"It started out a bit rough with compressed MP3 and iTunes files that, quite frankly, sound OK but not that great," Iverson says. "But the mass market has clearly accepted online music. And we'll see these formats push to higher resolution as bandwidth allows. We are already seeing this with iTunes and websites like HDTracks.com."
There is also a vast underground online community of high-resolution file traders who demand better and better transfer technology for all types of music, Iverson says. "It's fascinating to see the discussions of which mastering of a classic title is best. There are first release, remasterings, special editions, Japanese versions, et cetera, and then quite a few ways to transfer these titles in full resolution to a hard drive from disc."
Iverson gets jazzed at the possibility that Apple will introduce higher-resolution iTunes. "But here's the point," he says. "Since we are no longer locked to a physical format like LP or CD, there is far more flexiblity in introducing higher resolution audio formats in an online world. So the potential for audiophiles is greater than ever before to have a format aimed at them that coincides with the mass market."
And maybe even high-quality audio equipment you can buy at a big box store.
Surrounded By Sound
On the home-theater front, Mike Mettler, editor-in-chief of Sound + Vision magazine, sees many audiophiles becoming videophiles. "As the home theater boom truly began to explode over a decade ago," he says, "audiophiles dove into it relatively willingly, as we also appreciate the benefits of watching a great picture on a great screen or TV. But it all ties back to enhancing our inherent passion for great sound."
To Mettler, great sound these days is found "by hooking up high-definition TVs to surround-sound systems." Also known as 5.1 systems, the six-speaker configuration is made up of left and right front speakers; a center channel, mostly for dialogue; left and right rear channels and a subwoofer — the 1 in the equation — for the low-end of the audio spectrum. You can also buy 7.1 and 11.1 systems.
Such conglomerations, Mettler says, "mirror the 360 degrees of audio that we deal with in everyday life, and they serve to enhance the overall audio-visual experience. Think of the excitement of feeling like you're in the middle of a roaring stadium crowd while watching football in high-def. Or hearing a car literally drive across the soundstage and into the distance behind you to correspond exactly with what you see that car doing onscreen."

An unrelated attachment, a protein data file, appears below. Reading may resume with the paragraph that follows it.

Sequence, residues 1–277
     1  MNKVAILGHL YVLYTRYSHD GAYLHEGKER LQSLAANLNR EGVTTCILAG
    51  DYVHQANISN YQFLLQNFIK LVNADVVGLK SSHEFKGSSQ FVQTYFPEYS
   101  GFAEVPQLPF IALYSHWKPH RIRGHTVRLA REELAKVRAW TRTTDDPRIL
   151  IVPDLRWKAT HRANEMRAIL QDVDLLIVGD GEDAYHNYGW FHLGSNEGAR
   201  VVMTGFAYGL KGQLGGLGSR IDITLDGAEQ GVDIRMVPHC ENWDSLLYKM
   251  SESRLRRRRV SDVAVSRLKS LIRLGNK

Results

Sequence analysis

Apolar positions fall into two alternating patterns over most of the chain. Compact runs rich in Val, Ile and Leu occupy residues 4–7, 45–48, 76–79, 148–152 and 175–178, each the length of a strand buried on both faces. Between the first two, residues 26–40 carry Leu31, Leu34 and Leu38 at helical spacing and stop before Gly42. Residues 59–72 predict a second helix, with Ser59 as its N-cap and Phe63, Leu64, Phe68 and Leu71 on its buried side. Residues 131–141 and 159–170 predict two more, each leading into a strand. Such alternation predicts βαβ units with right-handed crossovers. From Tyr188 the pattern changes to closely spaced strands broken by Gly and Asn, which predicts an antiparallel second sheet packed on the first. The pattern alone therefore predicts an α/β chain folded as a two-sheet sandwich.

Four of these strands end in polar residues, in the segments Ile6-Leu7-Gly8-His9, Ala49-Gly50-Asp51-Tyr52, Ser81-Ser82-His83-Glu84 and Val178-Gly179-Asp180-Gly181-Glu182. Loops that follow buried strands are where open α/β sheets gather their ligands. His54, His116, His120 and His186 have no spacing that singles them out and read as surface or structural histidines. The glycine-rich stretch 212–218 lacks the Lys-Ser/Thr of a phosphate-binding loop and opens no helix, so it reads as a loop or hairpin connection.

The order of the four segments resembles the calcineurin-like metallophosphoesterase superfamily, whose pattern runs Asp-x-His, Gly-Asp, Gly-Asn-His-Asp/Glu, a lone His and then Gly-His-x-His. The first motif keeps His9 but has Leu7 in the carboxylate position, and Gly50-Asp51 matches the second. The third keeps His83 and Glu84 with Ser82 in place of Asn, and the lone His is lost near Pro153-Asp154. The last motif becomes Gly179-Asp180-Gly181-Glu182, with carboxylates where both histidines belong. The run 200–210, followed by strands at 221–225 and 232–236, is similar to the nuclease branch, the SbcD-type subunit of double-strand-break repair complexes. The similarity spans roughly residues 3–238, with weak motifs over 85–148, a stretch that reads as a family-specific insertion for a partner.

Surround sound "makes you feel like you are there," Mettler says, and "that's one major way the audiophile world intersects with video. When the A and the V are working in tandem, it's a beautiful thing indeed."
'Totally Obsessed With Sound'
Parts of the debate are just so much noise to Laurie Monblatt, a Northern Virginia painter and sculptor and unapologetic audiophile.
"I guess I am what you might describe as totally obsessed with sound," Monblatt says. "I have had this disease for over 30 years. My adventures in sonics began when I was 15; I am now 56. I grew up in Northern New Jersey and could be found at the Fillmore East or The Bottom Line, as well as many other venues, most weekends."
She adds, "My passion for music was tremendous and remains so to this day."
Let's let Monblatt describe her system: "I have a dedicated two-channel listening room. My passion is for vacuum tubes and this set up consists of a KT88 based tube amp, tube preamp, tubed CD player, tubed digital-to-analog converter that is partnered with an iMac for digital files and wonderful pair of very efficient speakers. Power to the room is on dedicated lines."
Over the years, "many components have come and gone — both solid state and tubed," she says, "but as my obsession grew it became obvious to my ears that tubes give me more of the 'real thing' regarding texture, bloom, soundstage and tone. I could go on and on ..."
Every single component in her listening room is strategically placed to make the sound perfect. The walls are acoustically tuned to ensure a more accurate listening environment.
When she sits on a comfortable sofa, in exactly the one spot where all the sound comes together, and she listens to Paul McCartney singing Blackbird, she can hear it so perfectly that she can discern McCartney slapping his thigh — against blue jeans. It's a really distinctive slap sound, she says, and quite different than if Sir Paul wore wool pants.
There is no video equipment in the listening room at all. And when Monblatt settles onto the sofa, she doesn't read or text or talk.
So if you ever want to ask Laurie Monblatt where all the audiophiles have gone, that's where you will probably find her. In her sanctum sanctorum of sound. Just her and her music.
NPR editor Marilyn Geewax and several audiophilic friends of NPR contributed to this report. Copyright 2011 National Public Radio. To see more, visit http://www.npr.org/.